Emerging entrepreneur finds value in pumpkin seeds

On a Tuesday afternoon when this writer visits Fraterne Manishimwe’s farm, she finds him and his colleagues sorting out pumpkins that are ready for value addition.

Manishimwe got into agriculture after lacking tuition. Despite having thought of the profession as one for old people, he has gradually come to like it and get better over time.

Manishimwe is the founder of Sanejo Youth Limited, a firm that makes cooking oil, juice and cookies out of pumpkins. The firm is based in Northern Province, Burera District.

The beginning

On completing high school in 2015, he noticed that youth in his neighbourhood were idle and decided to come up with ways to keep them occupied.

He tried engaging them to start entrepreneurial enterprises but capital was hard to come by for most of them.  This, however, did not hinder him from carrying out community activities like constructing toilets for widows gaining them recognition over time.

Due to lack of sufficient funds, he dropped out of university after the first year as his parents couldn’t support him.

It is then that the 27-year-old joined his parents in farming. Though he did not have much skill, he learnt gradually and in a few months, he had the appropriate capacity.

After self-training and working with farmers, he was in a position to build capacity among farmers in his community on appropriate farming practices.

It is then that he started a project alongside five colleagues to teach farmers to utilize land, in order to improve production and harvest.

Farmers then began paying for the training given to them and also connected to market earning them some profits.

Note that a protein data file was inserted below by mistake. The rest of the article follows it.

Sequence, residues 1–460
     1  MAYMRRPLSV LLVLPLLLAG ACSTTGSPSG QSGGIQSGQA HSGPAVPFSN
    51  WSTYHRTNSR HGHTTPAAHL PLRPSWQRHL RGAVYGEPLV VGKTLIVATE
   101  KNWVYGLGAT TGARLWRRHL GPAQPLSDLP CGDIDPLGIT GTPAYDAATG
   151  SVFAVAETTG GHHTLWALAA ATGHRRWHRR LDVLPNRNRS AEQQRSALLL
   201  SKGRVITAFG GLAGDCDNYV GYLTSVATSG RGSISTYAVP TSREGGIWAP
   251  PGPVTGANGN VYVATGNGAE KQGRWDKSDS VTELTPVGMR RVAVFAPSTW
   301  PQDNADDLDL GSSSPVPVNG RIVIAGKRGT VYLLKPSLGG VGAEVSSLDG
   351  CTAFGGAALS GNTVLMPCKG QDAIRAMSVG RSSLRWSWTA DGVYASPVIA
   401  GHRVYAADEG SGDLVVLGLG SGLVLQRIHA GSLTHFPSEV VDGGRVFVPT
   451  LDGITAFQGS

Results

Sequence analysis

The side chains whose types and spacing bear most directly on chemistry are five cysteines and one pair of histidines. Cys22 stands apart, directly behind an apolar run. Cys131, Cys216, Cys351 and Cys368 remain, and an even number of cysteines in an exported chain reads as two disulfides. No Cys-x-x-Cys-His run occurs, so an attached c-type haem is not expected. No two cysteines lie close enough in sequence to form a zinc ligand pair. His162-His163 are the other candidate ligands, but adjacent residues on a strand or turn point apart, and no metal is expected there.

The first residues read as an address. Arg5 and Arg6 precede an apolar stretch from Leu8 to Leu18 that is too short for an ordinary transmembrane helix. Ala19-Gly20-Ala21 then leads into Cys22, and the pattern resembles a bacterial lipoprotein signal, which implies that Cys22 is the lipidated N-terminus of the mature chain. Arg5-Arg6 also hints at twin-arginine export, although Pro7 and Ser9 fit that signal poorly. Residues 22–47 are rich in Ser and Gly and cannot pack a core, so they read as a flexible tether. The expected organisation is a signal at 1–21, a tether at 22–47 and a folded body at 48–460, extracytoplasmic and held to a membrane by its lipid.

Manishimwe and his co-workers advised farmers on working together in co-operatives, benefits of joining microfinance institutions as well as best uses of pesticides.

It is then that they started a more sustainable venture which involved teaching farmers to sow pumpkin seeds.

In 2016, his company began focusing on adding value to pumpkins riding on their nutrition value.

“Although we sold pumpkins, they were little profits out of it and other times we ended up making losses. We came up with an idea on how to add value to pumpkins. We only required necessary equipment for the value addition process. A friend offered a simple machine which we used in processing to extract cooking oil out of the pumpkin seeds,” the young entrepreneur said.

The pumpkin seeds oil was tested and approved at Ines laboratory, in Ruhengeri.

They partnered with the University of Rwanda-College of Agriculture, Animal Sciences and Veterinary Medicine, for further testing as well as undergoing training.

He notes that even though their priority was to make cooking oil, they also produced cakes, biscuits, and juice from the raw material. 

Five litres of cooking oil costs Rwf 9,000, two litres at Rwf 5,000 while a litre goes for Rwf 3,000.

The company employs six permanent and 26 part-time workers and runs a farm on four hectares of land.

Achievements

“Our doors opened when we won an award of young social entrepreneurs scale impact on social innovation in 2016 and we also got recognition in the Rwanda post-harvest competition, this year,” he says.

Manishimwe now employs close to 30 workers and his business is picking up with a growing business network. He is now able to pay for his Bachelor’s degree in Social work and Social sciences at Mount Kenya University.

He also gives training to farmers and youths on how best they can earn from farming.

Market

“Our products are available in Musanze, Kigali and Kyanika modern market. We also do home deliveries we also reach out to customers through social media, company website, exhibitions, conferences, and word of mouth,” he stresses.

Challenges

The businessman says that perception about young people in business was the main challenge they faced since it was hard for people to trust the youth with loans.

Manishimwe also says that advocacy and creating awareness about their products and services also posed a challenge, as people only got to know about his company after winning the award.

“We never got market easily; this forced us to give samples to people before buying our products, we also had slow machines at the time, “he added.

Future plans

The entrepreneur is keen on becoming a business adviser as well as train the youth on starting businesses.

editorial@newtimes.co.rw

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